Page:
The importance of reflection in relation to professional development.

  • 1
  • Idea
  • Updated 2 months ago
Hello,
I'm on my last unit for the Level 3 Early Years Educator course and one of the questions asks me to discuss the importance of reflection in relation to professional development. I have shared below my research and wandered what other people's thoughts were on the importance of reflection. Since starting my studies, I am constantly reflecting on my practice and looking at ways to extend my knowledge and gain new skills. Can you relate to any theories?

Kind regards

There are two main theories that have influenced people’s understanding of the reflection process, in regards to professional development; Kolb’s learning cycle and Gibbs’ reflective cycle. These are outlined below.

. Kolb’s Learning Cycle:-

Kolb suggested that there was a learning cycle, which could be used to support people to reflect on their learning. The cycle includes four processes which Kolb suggested need to take place for effective learning. Concrete experience – This is doing something. In an early years setting, this could be teaching a child how to use some scissors.
Reflective observation – This is reviewing and reflecting on the experience. Which aspects of teaching the child were a success and which didn’t work so well?
Abstract conceptualisation – This is about developing new ideas. This might mean thinking of activities involving cutting that link to a child’s interests, cutting out pictures of things that interest them, that will lead to discussion.

Active experimentation – This is putting in to practice the new ideas. Carrying out the activity using the new ideas
The cycle means that once we have carried out our new ideas, we reflect on these once more and so the cycle continues.
In relation to professional development, it is thought that the cycle allows you to reflect on your practice, think of new ideas, put these in to practice and reflect on these; a process of continuous evaluation and reflection leading to improvements in practice.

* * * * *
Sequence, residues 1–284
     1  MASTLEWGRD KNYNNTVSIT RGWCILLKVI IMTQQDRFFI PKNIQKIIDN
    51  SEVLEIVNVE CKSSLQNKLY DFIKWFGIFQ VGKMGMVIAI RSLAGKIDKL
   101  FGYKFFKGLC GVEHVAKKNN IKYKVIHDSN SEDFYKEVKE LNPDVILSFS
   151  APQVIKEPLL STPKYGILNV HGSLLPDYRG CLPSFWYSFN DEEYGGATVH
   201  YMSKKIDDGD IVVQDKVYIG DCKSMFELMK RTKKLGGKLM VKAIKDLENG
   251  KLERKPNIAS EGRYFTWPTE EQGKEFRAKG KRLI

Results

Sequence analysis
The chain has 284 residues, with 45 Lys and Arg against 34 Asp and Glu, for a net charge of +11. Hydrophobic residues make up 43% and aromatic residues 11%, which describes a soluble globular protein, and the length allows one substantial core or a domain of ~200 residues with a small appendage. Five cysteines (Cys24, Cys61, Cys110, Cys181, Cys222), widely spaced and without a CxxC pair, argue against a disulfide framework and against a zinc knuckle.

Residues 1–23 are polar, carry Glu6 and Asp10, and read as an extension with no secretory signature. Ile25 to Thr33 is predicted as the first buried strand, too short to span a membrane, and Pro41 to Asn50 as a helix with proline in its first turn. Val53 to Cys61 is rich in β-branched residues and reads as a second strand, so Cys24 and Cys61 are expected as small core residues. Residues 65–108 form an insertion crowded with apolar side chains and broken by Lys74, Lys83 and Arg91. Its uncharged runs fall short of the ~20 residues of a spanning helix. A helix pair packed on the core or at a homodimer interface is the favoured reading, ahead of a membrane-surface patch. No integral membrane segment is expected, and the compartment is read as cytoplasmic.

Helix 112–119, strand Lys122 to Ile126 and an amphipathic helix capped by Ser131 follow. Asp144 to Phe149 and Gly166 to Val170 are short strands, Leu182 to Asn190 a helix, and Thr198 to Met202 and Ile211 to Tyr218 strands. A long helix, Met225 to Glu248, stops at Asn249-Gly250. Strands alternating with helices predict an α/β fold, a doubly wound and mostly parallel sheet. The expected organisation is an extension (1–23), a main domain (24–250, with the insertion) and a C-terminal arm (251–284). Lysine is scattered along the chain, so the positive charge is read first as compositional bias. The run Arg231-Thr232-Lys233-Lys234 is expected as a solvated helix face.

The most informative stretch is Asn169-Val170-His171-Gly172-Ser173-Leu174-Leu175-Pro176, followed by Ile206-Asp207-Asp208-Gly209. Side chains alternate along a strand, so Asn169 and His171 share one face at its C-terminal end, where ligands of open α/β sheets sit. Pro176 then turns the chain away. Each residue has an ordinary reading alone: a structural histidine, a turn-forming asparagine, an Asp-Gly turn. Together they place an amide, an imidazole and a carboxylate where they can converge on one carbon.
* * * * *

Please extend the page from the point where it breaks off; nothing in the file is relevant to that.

Gibbs’ Reflective Cycle:-
Gibbs adapted Kolb’s work to develop a more structured approach which could be used to support people reflect on their responses to certain situations, and come to conclusions about what they could do differently next time.

The cycle suggests that following an incident or situation that arises, you think about what happened and how you felt at the time. You then evaluate it, was it good or bad? Why? You then go on to analyse why it happened and what conclusions could be reached. An action plan is then drawn up.
In relation to professional development, Gibbs’ reflective cycle provides a structured approach for practitioners to reflect on how they react or manage a situation or incident. For example, a two year old child who continues to pour water on the floor after being asked to stop is shouted at by a practitioner and then cries. This incident can be reflected on using Gibbs’ reflective cycle. It provides steps to support us understand how this situation could have had a different, more positive outcome. How was the practitioner feeling at the time? Tired? Did this effect his / her response? The evaluation step asks the question if the response was the right one and if not the analysis allows us to understand why this could be and what we could do to improve this. The conclusion brings together the information about the incident in order to form an action plan to prevent this situation happening again. This could be gaining knowledge about the age and stage of development and ways to manage unwanted behaviours, strategies to diffuse a situation such as this. The practitioner may also have to think about resting more to make sure he / she is not so tired while at work to ensure patience is not affected through tiredness.
Photo of Alex Sanders

Alex Sanders

  • 1 Post
  • 0 Reply Likes

Posted 2 months ago

  • 1

Be the first to post a reply!